The Promise and Limits of Phonological Training for Children with Specific Reading Disabilities Why is the training of phonological processes for children with specific reading disabilities (SRD) still such an important, yet controversial, focus of research? Why do some professionals sing its praises, while others shout that it is overemphasized and unnecessary? Why so much emotion over the importance of phonemes, little ... Article
Article  |   May 01, 1999
The Promise and Limits of Phonological Training for Children with Specific Reading Disabilities
Author Affiliations & Notes
  • Barbara W. Wise
    University of Colorado at Boulder, Boulder, CO
Article Information
Articles
Article   |   May 01, 1999
The Promise and Limits of Phonological Training for Children with Specific Reading Disabilities
SIG 1 Perspectives on Language Learning and Education, May 1999, Vol. 6, 22-25. doi:10.1044/lle6.1.22
SIG 1 Perspectives on Language Learning and Education, May 1999, Vol. 6, 22-25. doi:10.1044/lle6.1.22
Why is the training of phonological processes for children with specific reading disabilities (SRD) still such an important, yet controversial, focus of research? Why do some professionals sing its praises, while others shout that it is overemphasized and unnecessary? Why so much emotion over the importance of phonemes, little units of speech sounds? This article looks into theory and research and considers what both suggest about the promise and the limits of phonological training for children with SRD.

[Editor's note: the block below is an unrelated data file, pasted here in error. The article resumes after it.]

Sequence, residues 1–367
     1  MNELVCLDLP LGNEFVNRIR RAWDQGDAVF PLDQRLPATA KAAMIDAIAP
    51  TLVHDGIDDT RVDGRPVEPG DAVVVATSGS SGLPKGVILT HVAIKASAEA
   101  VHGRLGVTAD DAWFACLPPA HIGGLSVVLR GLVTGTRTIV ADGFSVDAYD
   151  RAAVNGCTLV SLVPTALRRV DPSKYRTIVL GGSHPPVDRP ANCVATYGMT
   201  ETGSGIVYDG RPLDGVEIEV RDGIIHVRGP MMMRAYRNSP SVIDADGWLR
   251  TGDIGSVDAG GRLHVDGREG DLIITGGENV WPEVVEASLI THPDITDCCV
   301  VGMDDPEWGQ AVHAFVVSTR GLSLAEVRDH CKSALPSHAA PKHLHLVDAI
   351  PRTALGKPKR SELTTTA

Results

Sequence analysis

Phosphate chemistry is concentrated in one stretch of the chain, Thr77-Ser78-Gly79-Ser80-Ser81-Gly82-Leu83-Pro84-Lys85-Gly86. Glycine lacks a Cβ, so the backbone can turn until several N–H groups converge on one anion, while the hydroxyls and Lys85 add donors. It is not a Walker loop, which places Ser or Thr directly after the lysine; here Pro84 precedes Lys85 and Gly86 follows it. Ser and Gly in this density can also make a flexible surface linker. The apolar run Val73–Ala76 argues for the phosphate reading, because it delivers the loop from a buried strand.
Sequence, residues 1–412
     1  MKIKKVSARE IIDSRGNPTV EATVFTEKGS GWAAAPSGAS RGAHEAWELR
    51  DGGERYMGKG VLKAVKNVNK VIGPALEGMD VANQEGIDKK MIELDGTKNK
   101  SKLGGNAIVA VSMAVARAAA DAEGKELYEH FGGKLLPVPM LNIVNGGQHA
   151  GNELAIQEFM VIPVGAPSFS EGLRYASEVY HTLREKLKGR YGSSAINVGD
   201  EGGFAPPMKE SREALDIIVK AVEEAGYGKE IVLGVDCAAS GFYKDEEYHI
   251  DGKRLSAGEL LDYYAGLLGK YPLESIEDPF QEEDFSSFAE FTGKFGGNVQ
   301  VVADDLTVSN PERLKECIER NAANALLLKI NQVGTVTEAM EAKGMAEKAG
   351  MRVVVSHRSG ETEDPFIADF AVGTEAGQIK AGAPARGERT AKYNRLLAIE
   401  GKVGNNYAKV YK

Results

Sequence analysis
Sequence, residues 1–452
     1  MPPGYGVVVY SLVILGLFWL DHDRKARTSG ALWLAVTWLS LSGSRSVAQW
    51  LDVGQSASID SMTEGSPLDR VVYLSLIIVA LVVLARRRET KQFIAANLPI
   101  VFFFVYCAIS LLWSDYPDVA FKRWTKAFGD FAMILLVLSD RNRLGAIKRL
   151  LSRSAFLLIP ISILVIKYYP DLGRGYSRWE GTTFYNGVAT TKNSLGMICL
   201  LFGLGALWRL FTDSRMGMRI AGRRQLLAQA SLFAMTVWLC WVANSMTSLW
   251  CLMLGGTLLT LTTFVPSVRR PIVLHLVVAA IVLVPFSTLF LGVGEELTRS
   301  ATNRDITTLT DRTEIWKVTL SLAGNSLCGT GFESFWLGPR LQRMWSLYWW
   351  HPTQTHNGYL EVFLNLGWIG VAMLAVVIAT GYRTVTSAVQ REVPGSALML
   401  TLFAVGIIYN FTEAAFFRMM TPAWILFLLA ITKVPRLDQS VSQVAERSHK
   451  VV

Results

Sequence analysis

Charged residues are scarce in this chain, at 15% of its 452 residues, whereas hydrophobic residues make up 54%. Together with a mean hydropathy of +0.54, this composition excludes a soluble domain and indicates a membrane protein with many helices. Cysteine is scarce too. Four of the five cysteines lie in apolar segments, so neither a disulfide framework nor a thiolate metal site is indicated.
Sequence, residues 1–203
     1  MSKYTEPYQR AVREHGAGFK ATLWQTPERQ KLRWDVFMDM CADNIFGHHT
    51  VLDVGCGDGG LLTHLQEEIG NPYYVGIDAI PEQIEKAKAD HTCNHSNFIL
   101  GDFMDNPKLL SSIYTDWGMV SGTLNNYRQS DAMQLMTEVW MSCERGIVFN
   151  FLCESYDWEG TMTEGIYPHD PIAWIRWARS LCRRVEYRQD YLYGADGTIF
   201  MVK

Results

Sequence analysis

The promise of phonological training stems from fairly common professional knowledge that the primary deficit in most cases of SRD is in phonological processes (see Lyon, 1995; Wise 1991). That the deficit is unique, causal, and has neuropsychological, behavioral, and genetic underpinnings is backed by about 25 years of research (see above, and Hynd &: Hiemenz, 1997; Olson, Forsberg, & Wise 1994; Shaywitz, 1996). The controversy over the value of phonological training endures in part because some researchers have recently been so optimistic. They proposed that since phonological awareness (analyzing sounds within spoken syllables) and phonological decoding (translating print into sound) constitute the primary underlying deficit in SRD, then phonological training should by itself lead to fluent and accurate independent reading (see Share, 1995).
First Page Preview
First page PDF preview
First page PDF preview ×
View Large
Become a SIG Affiliate
Pay Per View
Entire SIG 1 Perspectives on Language Learning and Education content & archive
24-hour access
This Issue
24-hour access
This Article
24-hour access
We've Changed Our Publication Model...
The 19 individual SIG Perspectives publications have been relaunched as the new, all-in-one Perspectives of the ASHA Special Interest Groups.